A lot has been written lately about the church and culture; most of it, however, refers to the culture around a church. Just as important is the culture within a church, the shared attitudes, values, and beliefs that define a church and shape its practices.
Fresh out of seminary, my husband and I began ministry at an established, 850-member church in a large city. During the interview process, we were impressed by the church's forward-thinking mission and values, and we were excited to join such an apparently dynamic ministry.
As time passed, however, it became clear that there was far more bark than bite at that church, missionally speaking.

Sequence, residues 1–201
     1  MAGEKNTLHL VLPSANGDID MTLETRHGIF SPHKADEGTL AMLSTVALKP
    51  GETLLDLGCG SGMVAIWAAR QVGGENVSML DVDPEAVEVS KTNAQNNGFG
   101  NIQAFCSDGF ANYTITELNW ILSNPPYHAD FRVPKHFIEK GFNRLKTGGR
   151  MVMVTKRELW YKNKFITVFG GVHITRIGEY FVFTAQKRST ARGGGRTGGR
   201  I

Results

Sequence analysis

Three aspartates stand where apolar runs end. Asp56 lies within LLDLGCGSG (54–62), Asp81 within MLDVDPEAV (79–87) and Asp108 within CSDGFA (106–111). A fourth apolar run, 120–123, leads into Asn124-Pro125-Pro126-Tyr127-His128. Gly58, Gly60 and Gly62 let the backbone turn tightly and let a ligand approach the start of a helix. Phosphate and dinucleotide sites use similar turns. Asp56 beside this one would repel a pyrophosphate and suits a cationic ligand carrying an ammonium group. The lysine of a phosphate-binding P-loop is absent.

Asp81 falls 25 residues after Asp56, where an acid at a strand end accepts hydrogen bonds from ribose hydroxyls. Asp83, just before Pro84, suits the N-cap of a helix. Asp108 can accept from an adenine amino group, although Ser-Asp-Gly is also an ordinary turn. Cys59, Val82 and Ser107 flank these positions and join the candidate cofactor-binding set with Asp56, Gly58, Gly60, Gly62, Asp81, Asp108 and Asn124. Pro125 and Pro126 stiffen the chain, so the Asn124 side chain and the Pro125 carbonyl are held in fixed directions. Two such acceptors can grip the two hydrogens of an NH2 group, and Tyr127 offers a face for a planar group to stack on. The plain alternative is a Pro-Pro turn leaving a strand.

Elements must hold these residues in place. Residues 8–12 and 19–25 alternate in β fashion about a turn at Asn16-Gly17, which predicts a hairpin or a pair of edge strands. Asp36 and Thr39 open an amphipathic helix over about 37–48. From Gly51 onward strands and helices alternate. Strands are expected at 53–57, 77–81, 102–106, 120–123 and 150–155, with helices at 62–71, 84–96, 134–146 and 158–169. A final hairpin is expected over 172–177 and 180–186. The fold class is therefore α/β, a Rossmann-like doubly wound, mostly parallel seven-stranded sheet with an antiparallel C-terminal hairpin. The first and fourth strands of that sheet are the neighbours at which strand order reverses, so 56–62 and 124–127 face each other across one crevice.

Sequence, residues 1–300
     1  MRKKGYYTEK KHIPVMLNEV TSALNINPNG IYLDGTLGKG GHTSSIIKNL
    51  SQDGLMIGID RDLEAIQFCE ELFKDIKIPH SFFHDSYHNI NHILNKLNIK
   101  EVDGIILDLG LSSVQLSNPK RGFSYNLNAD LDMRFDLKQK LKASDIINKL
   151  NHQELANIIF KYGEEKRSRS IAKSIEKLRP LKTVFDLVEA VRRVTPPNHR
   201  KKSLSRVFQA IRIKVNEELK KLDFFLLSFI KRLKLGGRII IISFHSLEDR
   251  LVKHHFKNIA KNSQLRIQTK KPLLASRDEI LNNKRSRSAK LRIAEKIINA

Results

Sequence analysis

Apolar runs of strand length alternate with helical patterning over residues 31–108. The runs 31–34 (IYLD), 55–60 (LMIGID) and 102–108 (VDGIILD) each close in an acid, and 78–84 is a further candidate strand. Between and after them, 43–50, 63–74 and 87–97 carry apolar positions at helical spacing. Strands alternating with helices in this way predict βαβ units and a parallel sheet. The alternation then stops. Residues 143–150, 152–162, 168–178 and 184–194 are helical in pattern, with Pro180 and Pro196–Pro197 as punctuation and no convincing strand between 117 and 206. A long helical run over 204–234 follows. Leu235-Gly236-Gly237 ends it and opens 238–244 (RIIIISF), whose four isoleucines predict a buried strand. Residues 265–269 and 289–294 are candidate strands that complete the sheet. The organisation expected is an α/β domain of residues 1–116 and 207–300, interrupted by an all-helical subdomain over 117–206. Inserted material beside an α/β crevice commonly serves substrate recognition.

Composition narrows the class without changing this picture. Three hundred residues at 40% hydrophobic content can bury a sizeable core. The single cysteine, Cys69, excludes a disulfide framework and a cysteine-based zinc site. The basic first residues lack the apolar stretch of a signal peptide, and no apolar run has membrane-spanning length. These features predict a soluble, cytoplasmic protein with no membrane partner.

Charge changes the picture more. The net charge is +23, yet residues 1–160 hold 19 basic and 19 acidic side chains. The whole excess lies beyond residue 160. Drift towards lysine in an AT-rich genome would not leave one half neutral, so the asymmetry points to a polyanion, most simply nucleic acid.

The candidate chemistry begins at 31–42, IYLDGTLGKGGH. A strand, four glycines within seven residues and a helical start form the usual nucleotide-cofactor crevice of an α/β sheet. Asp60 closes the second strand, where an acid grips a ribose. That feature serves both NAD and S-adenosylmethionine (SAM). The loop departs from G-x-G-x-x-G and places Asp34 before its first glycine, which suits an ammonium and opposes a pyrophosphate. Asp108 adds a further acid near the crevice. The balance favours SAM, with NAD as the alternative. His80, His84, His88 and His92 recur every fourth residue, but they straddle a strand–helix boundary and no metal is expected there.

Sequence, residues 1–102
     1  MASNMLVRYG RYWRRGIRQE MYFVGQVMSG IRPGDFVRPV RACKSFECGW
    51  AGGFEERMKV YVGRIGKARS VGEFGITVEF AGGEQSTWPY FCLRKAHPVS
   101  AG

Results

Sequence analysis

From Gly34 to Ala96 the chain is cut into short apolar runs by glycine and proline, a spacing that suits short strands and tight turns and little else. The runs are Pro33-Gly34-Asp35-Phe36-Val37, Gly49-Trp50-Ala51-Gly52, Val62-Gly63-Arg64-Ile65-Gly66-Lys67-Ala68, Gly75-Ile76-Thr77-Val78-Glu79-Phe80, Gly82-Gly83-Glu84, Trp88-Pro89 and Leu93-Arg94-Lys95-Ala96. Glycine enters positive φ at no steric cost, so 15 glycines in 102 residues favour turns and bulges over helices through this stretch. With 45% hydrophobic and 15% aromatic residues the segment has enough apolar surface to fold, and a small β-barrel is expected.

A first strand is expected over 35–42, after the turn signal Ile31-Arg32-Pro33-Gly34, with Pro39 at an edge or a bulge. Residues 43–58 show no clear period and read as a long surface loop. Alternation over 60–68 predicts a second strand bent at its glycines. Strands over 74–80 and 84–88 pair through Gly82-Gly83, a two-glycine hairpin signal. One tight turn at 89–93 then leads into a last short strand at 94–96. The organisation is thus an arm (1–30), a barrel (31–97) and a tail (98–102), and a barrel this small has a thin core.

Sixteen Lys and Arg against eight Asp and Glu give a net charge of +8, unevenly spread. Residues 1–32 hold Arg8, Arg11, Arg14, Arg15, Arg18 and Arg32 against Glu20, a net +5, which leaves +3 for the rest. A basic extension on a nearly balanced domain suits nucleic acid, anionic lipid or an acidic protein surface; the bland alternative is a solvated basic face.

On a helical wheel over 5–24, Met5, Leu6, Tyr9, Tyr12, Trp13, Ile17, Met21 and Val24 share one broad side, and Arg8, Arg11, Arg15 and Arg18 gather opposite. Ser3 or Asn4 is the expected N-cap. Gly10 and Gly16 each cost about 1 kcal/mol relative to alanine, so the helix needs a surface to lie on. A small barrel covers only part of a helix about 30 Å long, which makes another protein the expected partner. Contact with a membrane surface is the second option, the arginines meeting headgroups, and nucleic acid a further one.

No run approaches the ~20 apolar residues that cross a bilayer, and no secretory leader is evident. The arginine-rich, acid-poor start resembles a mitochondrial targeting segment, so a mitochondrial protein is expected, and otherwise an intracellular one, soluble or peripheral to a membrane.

Oh, the church leadership certainly talked the talk—about the need to be an "outward-focused" church, about the importance of having staff members who demonstrated "proven character and proven ministry," about the priority of "people over programs."
But in reality, the church was not growing, evangelism was not a priority, staff members were allowed to bully others as long as they got the job done on Sundays, and heaven forbid that a program be dropped, even when it was no longer effective.
It took several years to realize that the problem was not a lack of resources, expertise, or a clearly worded purpose statement. The problem was that the church's actual culture didn't reflect its stated mission.
As with any organization, a church's culture can be encapsulated into an "ethos," or a statement that summarizes its true guiding beliefs. The ethos is almost never officially articulated. It's something that is felt. This ethos is often hard to define, but that doesn't mean it is any less powerful. Ideally, the ethos of an organization should flow out of its purpose, but when it doesn't, ...